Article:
Fixing the transport and energy sectors will ensure EAC take off

So much has been said about the East African Community that brings together five countries. A lot of this talk has bordered on Utopian visions for the region something that has gone a long way to whet our appetites for the final product that the EAC will have to offer.

So much has been said about the East African Community that brings together five countries. A lot of this talk has bordered on Utopian visions for the region something that has gone a long way to whet our appetites for the final product that the EAC will have to offer.

However much as we are miles from the much talked about Utopia some small steps are worth recognising. After all, a long journey starts with just a single step. We have seen our leaders meeting several times to give the EAC project some shape and form and we all desire to live to see this region a much better place.

In my view there are two major challenges that the region faces and if these were addressed adequately then the region’s prosperity would be a matter of when not if. These two challenges are energy and transport. In my view energy is the biggest challenge actually.

The East African region is placed with some of the best water sources in the world. The Nile River is a very good example. Drawing water from the massive Lake Victoria, R. Nile has the potential to cut our energy demands significantly through hydro electric power dams. 

Yet when you look around, the region suffers endless power cuts something that not only make life hard for many but slow down the process of industrialisation. While the middle class whine about the power cuts the industrialists count losses as they sit and wait or incur more by buying heavy generators to keep going.

We cannot expect to develop when our energy demands are much higher than what is available. We cannot hope to develop when power is always being cut off in our major cities and turning them into noisy places with all the generators buzzing away. The power companies should also stop the over used lie about maintenance. Just tell us the power is not enough and it has to be shared. We understand.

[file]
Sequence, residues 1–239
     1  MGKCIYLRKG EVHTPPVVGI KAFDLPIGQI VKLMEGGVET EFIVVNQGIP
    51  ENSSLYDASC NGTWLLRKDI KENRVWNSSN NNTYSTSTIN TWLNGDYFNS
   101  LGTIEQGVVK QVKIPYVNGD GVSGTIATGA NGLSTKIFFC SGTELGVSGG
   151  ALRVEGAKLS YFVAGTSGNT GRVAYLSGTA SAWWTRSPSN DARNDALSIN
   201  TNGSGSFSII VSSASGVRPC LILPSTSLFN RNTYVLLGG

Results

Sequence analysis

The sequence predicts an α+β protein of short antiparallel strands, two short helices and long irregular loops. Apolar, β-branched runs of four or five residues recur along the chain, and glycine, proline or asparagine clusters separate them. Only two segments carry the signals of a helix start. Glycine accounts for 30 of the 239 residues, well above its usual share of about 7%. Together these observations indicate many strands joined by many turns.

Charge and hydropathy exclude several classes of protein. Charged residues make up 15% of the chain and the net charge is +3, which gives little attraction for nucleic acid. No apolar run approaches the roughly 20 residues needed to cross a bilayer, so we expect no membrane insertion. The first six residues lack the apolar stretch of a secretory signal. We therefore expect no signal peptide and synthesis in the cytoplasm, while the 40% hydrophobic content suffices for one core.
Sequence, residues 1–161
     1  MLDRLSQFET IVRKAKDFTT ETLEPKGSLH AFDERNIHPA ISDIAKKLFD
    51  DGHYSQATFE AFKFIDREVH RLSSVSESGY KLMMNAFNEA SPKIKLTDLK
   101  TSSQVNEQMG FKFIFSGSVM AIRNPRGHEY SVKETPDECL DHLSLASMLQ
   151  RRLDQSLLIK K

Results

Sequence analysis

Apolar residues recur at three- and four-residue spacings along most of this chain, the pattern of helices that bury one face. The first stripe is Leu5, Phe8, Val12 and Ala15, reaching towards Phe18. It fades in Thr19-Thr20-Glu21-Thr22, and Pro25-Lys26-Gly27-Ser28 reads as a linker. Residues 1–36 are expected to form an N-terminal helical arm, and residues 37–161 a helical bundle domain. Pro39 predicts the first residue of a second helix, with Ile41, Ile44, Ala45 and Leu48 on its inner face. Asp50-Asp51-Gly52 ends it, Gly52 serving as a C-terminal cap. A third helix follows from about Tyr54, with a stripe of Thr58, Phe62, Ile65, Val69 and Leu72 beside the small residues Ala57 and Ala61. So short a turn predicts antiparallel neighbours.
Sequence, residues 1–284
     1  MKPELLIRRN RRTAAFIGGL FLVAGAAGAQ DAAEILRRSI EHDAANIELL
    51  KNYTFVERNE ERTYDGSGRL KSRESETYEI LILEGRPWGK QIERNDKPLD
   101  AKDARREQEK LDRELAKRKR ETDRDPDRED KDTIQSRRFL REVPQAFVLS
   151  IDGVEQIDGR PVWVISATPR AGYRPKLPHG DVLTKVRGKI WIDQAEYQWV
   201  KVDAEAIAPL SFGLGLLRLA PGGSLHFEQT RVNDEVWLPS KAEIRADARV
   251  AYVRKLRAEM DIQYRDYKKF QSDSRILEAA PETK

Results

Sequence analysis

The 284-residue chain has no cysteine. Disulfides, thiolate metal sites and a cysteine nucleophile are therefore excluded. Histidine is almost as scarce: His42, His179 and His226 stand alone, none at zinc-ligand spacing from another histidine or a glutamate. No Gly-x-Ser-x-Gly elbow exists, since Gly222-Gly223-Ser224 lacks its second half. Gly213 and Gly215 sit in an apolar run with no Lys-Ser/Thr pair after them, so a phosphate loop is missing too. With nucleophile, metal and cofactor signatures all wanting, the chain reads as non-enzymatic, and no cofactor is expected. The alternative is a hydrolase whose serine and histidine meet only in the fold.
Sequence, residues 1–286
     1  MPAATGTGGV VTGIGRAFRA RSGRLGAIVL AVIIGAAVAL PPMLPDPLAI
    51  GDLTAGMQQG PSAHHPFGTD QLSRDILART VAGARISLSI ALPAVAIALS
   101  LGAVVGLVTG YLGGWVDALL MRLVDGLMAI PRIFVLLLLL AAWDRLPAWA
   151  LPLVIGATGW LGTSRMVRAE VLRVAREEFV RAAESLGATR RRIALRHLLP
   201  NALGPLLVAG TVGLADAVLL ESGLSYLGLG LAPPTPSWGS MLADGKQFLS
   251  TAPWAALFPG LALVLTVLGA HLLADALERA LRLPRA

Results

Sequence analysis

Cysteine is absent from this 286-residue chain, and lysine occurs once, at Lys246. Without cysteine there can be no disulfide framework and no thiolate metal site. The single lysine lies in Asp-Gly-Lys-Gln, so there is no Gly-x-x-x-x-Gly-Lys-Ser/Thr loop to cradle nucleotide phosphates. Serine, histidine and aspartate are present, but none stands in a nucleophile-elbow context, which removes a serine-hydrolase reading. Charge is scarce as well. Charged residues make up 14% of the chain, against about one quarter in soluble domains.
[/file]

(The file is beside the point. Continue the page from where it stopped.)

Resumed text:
The second biggest challenge the region faces is transport. It is a shame that we have very little intra-region transport on water yet we have big lakes that are shared like Victoria, Tanganyika and Kivu. Our water transport often makes news when scores of people drown off a boat or ferry.

As for the railway it is even worse. We have continued to rely on an old network that was primarily set up to move copper, cotton and coffee from the hinterland to the coast. We have celebrated 50 years of growth after independence while our railways have not grown at all.

Thank God something is being done about this. A new standard gauge railway is being built from Mombasa and is expected to go all the way until Rwanda and South Sudan. The need to reduce on the reliance on our roads to move cargo from the ports cannot be over stated. It would also be nice to have commuter trains to deal with the urbanisation that is putting a lot of pressure on the cities.

When it comes to air transport, here the costs have made it a reserve for the very few at the top of the food chain. Yes we have some low cost airlines but these are not immune to the heavy taxes that drive up the cost of air transport in the region. If our governments are serious about integration then they should work out a way to reduce on the airport taxes or even consolidate the region so that a 50 minute flight from Kigali to Entebbe is considered a local flight.  

The common option remains that of road transport and here we have to commend the governments that have done their best to keep the major highways in good condition. A lot has also been done to keep the roads safe although much more can still be done. Our highways continue to claim lots of lives every day.

For the region to develop and integrate at the same time there must be concerted efforts to address our energy challenges as well as our transport challenges. Integration is impossible if there is no energy to power industries involved in manufacturing and the movement of people, goods and services is still a huge challenge.

Once those two issues are well addressed, the region will be ready for the real take off. It is only then that we can compete with other continental economic giants.

Twitter: @ssojo81

 

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